The social identity approach to attitude-behaviour relations (Terry & Hogg, 1996) argues that the relationship between attitudes and behaviour will be strengthened if individuals perceive normative support from an important reference group, an argument supported by both field and experimental research. Most notably, the approach not only provides a valuable perspective on the question of when attitudes and norms will influence behaviour, but also on the question of for whom norms will be most influential. However, recent research has suggested that it is not only individuals high in identification who display group behaviour (e.g., Barreto & Ellemers, 2000a, 2002). Within the social identity approach, there is increasing recognition that individuals might display group behaviour for strategic reasons, such as the desire for positive evaluations or to improve one's position in the group, as well as for more group oriented reasons. In
light of the likely impact of strategic motivations, it is important to examine such effects in the context of attitude-behaviour relations. The six studies reported here build upon and extend the social identity approach by examining whether strategic motivations impact upon group-mediated attitude-behaviour consistency.
Studies 1 to 3 examined the impact of anonymity and accountability on the attitude-behaviour relationship. In all three studies, participants completed attitude measures, reported their identification with the group or salience of group membership was manipulated, were exposed to ingroup normative information, and completed dependent measures under the expectation of complete anonymity or accountability. Study 1 (N= 93) investigated the interplay of identification and accountability under conditions of high ingroup normative support. High identifiers displayed greater attitude-behaviour and attitude consistency under
anonymous conditions, but low identifiers reported greater consistency when accountable to the ingroup. In Study 2 (N = 213), salience of social identity, ingroup normative support, and accountability were manipulated. As in Study 1, low salience participants displayed more group normative behaviour in accountable response conditions. High salience participants either displayed more group normative behaviour when anonymous (on the willingness measure), or responses did not vary across response context. In Study 3 (N = 124), the impact of ingroup versus outgroup accountability was compared. Low identifiers displayed group-mediated behaviour only when accountable to an ingroup audience, suggesting that low identifiers adapt to audience expectations rather than group expectations. High identifiers displayed more attitude-consistent behaviour to an outgroup audience.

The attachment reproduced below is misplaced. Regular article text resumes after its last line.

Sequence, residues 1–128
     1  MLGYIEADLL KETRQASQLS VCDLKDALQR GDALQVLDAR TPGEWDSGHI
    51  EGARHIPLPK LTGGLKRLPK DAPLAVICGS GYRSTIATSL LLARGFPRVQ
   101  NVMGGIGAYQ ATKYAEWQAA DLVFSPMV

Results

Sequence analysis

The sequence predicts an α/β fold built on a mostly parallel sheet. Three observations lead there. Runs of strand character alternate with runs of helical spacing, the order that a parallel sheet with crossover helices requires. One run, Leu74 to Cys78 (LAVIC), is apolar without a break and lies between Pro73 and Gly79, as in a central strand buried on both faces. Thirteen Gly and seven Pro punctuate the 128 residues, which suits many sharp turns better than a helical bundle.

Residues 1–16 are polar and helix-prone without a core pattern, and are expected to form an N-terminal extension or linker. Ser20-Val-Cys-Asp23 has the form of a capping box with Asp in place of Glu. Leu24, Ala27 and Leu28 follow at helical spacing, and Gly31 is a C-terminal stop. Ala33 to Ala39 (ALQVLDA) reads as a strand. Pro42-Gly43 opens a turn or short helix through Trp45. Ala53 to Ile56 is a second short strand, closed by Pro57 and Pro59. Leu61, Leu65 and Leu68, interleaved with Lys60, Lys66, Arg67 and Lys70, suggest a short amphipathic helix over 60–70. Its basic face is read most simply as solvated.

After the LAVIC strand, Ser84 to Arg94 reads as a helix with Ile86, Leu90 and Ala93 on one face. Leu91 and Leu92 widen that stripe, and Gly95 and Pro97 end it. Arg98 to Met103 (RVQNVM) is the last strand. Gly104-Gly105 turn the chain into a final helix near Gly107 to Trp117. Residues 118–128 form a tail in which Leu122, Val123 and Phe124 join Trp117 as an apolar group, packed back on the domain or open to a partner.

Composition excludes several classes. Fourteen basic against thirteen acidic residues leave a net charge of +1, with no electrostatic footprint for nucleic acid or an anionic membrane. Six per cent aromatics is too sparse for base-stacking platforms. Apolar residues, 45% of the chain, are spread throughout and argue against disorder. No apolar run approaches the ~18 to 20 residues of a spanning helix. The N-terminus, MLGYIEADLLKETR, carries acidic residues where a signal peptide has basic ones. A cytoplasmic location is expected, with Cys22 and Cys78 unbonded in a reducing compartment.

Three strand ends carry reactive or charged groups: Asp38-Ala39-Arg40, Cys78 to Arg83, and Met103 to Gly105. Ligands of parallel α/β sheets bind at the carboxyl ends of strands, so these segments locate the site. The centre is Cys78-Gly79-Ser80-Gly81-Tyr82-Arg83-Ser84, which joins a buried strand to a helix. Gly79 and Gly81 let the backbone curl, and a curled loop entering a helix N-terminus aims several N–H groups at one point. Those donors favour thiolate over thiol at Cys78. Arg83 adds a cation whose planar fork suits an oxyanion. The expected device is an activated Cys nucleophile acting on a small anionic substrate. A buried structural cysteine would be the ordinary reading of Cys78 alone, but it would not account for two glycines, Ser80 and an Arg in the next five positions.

Studies 4 and 5 investigated the role of position within
the group. In both studies, participants reported their attitudes and identification, were exposed to ingroup normative information, received false feedback about their intragroup position, and completed the dependent measures. In Study 4 (N= 130), in which all responses were anonymous, only high identifying core group members exhibited group normative behaviour. High identifying peripheral members, and low identifiers, did not display group behaviour. Study 5 (N= 126), examined the strategic behaviour of peripheral members further by including a manipulation of accountability. In anonymous contexts, the responses of low and high identifying peripheral members did not differ. However, when accountable, low and high identifying peripheral members differed in their displays of group behaviour with high identifying peripheral members displaying more group normative behaviour than low identifiers.
Study 6 examined social
identity and strategic processes outside the experimental setting. Respondents (N = 187) completed measures of attitude, subjective norm, perceived behavioural control, ingroup norm, and ingroup identification. Scenarios describing consumption of one's preferred beer in the presence of either an ingroup or an outgroup audience were used to manipulate type of audience. The dependent measures were intentions to consume, likelihood of consumption in the scenarios, and perceived audience reactions to consumption. As expected, the effect of norms was moderated by identification and type of accountability—level of normative support influenced likely consumption and perceived reactions only for the high identifiers in response to the ingroup audience scenario. Moreover, the effect of normative support on the behaviour of high identifiers was mediated through the perceived audience reactions, suggesting the operation of strategic processes.
Overall, the six studies provided some evidence that displays of group-mediated attitude-behaviour consistency are the product of a strategic consideration of the level of ingroup normative support, attachment to the group, position within the group, and the degree of accountability.